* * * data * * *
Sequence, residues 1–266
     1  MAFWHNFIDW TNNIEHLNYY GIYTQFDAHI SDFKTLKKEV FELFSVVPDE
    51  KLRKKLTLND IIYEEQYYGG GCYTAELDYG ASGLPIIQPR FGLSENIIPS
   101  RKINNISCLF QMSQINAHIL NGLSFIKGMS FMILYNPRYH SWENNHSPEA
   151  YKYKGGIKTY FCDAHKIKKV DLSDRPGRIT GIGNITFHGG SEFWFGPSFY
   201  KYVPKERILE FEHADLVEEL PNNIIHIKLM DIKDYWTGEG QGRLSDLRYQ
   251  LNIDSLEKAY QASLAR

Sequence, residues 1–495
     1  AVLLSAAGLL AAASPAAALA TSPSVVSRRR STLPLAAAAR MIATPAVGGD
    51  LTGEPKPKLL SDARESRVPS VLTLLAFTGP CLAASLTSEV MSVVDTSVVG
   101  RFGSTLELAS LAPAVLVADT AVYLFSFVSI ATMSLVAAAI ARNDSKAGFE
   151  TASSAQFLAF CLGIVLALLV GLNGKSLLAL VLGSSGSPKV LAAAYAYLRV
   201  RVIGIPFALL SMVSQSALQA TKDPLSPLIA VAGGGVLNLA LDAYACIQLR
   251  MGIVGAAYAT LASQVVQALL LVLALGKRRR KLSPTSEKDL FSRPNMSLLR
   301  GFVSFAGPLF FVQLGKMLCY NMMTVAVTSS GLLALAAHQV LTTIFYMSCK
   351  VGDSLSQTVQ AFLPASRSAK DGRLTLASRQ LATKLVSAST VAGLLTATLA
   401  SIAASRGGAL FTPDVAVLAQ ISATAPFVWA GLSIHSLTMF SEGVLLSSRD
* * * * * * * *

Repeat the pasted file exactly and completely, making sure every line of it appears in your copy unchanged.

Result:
Sequence, residues 1–266
     1  MAFWHNFIDW TNNIEHLNYY GIYTQFDAHI SDFKTLKKEV FELFSVVPDE
    51  KLRKKLTLND IIYEEQYYGG GCYTAELDYG ASGLPIIQPR FGLSENIIPS
   101  RKINNISCLF QMSQINAHIL NGLSFIKGMS FMILYNPRYH SWENNHSPEA
   151  YKYKGGIKTY FCDAHKIKKV DLSDRPGRIT GIGNITFHGG SEFWFGPSFY
   201  KYVPKERILE FEHADLVEEL PNNIIHIKLM DIKDYWTGEG QGRLSDLRYQ
   251  LNIDSLEKAY QASLAR

Sequence, residues 1–495
     1  AVLLSAAGLL AAASPAAALA TSPSVVSRRR STLPLAAAAR MIATPAVGGD
    51  LTGEPKPKLL SDARESRVPS VLTLLAFTGP CLAASLTSEV MSVVDTSVVG
   101  RFGSTLELAS LAPAVLVADT AVYLFSFVSI ATMSLVAAAI ARNDSKAGFE
   151  TASSAQFLAF CLGIVLALLV GLNGKSLLAL VLGSSGSPKV LAAAYAYLRV
   201  RVIGIPFALL SMVSQSALQA TKDPLSPLIA VAGGGVLNLA LDAYACIQLR
   251  MGIVGAAYAT LASQVVQALL LVLALGKRRR KLSPTSEKDL FSRPNMSLLR
   301  GFVSFAGPLF FVQLGKMLCY NMMTVAVTSS GLLALAAHQV LTTIFYMSCK
   351  VGDSLSQTVQ AFLPASRSAK DGRLTLASRQ LATKLVSAST VAGLLTATLA
   401  SIAASRGGAL FTPDVAVLAQ ISATAPFVWA GLSIHSLTMF SEGVLLSSRD